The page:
By far, the two biggest ways to inflict credit scoring damage are by 1) paying late, and 2) raising your credit utilization percentage. Together, the two scoring categories affected by such actions -- payment history and amounts owed -- make up almost two-thirds of your score (65 percent), with each having the ability to take a high score down to a low score literally overnight. Yet, each of these weapons of mass destruction comes with drastically different long term versus short term scoring implications.

Paying late. Whether a 30-day delinquency, charge-off or somewhere in between, late payments and most late-payment-related credit reporting items remain on your credit file for seven years. And since payment history makes up more than one-third of your score (35 percent), you'll never want to miss even one payment. While many lost points can be recovered with the increased passage of time since the last late payment, it can be many years before your score fully recovers from just one ding to your payment history.

Increasing credit card debt. Unlike payment missteps that stay with your credit history for what can seem like an eternity, the credit scoring formula only sees a card's most recently reported balance and credit limit when calculating credit utilization. This means that a high balance -- or low balance -- from a previous month has no impact whatsoever on today's score. Of course, this can be a good or bad thing, depending on current and past balances, limits and scores. But when rebuilding a credit score, it's always good when you can let bygones be bygones.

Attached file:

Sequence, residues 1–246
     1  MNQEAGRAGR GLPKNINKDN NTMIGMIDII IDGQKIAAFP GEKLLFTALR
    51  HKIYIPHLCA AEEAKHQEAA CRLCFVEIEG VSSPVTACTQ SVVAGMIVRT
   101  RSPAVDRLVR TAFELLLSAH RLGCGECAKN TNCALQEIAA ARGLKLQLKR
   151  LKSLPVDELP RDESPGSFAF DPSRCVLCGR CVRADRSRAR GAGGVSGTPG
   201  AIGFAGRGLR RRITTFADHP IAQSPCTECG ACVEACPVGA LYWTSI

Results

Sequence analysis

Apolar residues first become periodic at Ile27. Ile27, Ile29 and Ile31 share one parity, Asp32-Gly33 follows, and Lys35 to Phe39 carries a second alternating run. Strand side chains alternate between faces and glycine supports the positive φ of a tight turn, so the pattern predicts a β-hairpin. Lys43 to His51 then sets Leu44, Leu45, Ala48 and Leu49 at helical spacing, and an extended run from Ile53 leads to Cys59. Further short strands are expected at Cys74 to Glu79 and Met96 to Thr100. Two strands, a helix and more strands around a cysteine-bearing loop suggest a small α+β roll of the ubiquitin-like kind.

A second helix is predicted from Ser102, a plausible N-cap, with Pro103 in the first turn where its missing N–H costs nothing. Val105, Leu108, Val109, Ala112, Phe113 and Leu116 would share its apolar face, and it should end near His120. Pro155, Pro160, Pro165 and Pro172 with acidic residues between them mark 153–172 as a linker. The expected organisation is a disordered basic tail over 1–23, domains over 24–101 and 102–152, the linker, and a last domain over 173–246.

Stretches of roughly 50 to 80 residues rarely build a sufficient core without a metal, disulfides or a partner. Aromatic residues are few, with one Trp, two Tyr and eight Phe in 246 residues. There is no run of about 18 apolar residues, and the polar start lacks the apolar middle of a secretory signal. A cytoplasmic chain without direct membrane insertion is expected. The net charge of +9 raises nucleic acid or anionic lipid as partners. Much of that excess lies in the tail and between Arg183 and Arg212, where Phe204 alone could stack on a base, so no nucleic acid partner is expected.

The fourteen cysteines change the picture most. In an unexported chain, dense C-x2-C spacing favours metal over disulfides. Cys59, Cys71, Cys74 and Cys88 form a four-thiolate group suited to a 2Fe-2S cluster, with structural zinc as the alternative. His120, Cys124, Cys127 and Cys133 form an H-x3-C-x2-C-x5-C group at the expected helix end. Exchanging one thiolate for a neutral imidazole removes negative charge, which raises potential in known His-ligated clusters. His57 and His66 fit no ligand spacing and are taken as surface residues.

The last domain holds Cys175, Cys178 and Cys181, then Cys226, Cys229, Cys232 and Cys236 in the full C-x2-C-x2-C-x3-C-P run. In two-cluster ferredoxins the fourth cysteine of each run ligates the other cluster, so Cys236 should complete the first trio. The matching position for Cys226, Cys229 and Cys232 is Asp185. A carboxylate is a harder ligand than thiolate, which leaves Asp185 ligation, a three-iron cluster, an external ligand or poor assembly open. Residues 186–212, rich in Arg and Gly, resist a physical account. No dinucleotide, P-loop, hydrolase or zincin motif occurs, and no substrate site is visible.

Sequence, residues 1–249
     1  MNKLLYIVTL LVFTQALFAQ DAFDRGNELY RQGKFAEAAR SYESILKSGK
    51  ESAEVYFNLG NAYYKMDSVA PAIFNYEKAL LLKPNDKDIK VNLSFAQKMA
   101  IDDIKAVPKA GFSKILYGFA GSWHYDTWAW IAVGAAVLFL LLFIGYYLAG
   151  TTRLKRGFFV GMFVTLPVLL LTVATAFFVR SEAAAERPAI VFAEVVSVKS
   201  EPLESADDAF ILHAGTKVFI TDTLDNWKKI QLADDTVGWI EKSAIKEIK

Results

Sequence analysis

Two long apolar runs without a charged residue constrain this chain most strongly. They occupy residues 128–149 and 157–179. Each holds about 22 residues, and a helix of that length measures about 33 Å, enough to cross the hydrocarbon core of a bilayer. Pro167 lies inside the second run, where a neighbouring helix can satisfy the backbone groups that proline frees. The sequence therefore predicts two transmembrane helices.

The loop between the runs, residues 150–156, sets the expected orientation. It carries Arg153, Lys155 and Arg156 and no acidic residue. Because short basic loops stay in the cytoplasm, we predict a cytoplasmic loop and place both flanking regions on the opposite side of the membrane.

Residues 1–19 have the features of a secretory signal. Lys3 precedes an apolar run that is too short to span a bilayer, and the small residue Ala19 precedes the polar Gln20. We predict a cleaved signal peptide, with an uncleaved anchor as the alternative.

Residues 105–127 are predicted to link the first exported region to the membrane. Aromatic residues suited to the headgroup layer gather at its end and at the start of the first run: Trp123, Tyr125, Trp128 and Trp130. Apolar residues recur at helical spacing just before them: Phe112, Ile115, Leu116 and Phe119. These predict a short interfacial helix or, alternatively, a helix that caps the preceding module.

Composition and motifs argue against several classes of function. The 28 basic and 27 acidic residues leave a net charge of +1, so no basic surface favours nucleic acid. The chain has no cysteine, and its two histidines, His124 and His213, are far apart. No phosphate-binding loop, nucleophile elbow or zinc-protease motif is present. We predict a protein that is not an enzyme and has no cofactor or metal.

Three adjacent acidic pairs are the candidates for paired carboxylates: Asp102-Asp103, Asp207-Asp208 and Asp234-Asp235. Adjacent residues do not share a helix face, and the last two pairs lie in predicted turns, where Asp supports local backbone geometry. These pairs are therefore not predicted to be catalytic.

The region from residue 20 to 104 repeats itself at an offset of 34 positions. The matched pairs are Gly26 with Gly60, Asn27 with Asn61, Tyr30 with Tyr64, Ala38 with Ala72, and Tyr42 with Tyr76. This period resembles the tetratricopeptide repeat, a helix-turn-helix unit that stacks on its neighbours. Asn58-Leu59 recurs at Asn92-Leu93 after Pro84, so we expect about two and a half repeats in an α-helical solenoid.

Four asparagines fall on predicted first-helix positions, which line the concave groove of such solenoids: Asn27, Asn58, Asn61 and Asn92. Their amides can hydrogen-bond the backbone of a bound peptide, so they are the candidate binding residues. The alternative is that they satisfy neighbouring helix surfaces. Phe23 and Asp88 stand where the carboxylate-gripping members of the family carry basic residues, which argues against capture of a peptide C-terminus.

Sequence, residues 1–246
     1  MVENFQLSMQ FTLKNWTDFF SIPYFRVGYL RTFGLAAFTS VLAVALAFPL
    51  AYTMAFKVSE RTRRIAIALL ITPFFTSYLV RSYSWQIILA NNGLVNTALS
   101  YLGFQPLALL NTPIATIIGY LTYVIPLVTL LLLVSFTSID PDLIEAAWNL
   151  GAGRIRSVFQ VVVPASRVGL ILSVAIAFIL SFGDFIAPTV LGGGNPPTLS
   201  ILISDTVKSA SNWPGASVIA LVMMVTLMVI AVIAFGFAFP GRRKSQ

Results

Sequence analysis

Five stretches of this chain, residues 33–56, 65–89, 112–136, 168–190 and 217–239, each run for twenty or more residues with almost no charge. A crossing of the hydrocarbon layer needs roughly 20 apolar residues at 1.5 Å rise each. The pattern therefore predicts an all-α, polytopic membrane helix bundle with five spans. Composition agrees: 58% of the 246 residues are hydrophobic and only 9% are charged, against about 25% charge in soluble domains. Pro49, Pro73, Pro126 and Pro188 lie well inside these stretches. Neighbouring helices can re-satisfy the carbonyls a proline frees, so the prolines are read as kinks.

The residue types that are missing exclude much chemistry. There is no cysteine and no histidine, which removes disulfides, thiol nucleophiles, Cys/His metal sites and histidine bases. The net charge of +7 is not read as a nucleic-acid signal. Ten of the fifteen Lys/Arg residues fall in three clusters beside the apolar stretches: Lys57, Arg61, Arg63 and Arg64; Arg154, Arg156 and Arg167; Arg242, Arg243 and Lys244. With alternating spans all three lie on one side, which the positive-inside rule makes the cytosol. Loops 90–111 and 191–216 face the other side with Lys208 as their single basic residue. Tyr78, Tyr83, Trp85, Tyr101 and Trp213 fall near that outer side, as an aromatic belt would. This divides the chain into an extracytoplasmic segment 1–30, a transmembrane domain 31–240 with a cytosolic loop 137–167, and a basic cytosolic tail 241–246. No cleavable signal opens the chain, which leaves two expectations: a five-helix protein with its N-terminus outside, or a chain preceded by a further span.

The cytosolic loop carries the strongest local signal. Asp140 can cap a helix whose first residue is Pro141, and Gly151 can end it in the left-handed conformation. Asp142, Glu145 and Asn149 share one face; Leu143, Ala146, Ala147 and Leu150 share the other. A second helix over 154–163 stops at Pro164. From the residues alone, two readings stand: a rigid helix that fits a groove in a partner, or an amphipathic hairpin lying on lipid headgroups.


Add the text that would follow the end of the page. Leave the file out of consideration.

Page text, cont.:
With this short-term card utilization impact in mind, my response to your comment wondering whether a brief balance of $0 will help your score is that, yes, most likely it will. However, it will only help for as long as that $0 remains on your credit report, which, if you quickly turn around and charge on the card again, will not be very long. Once that $0 balance is replaced the following month with an updated balance, the effect to your score will be as if that $0 never happened.

All things considered, and if I'm understanding your question correctly, my suggestion would be to go with option No. 1, which will allow you to keep life simple by putting the $250 scrub purchase on the card and, if you can wait a little bit longer, paying cash for the computer once you've saved up the additional $200 to reach the $1,500 purchase price. 

This plan will not only save you the trouble of first paying off the card, then charging the computer, and then quickly paying the computer balance down, but, more importantly, you'll minimize any increased utilization percentage and keep your score as high as possible. Not to mention, you'll save a few dollars in credit card interest by putting $50 less on the card than with option No. 2.

Then, just continue faithfully making those minimum payments on time. Before long you'll see that utilization percentage coming down and your score going back up a little each month, and your short-term debt will cause no long-term damage. Good thinking and good luck!

See related: To boost score, let credit utilization guide your debt payoff

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Updated: 01-16-2018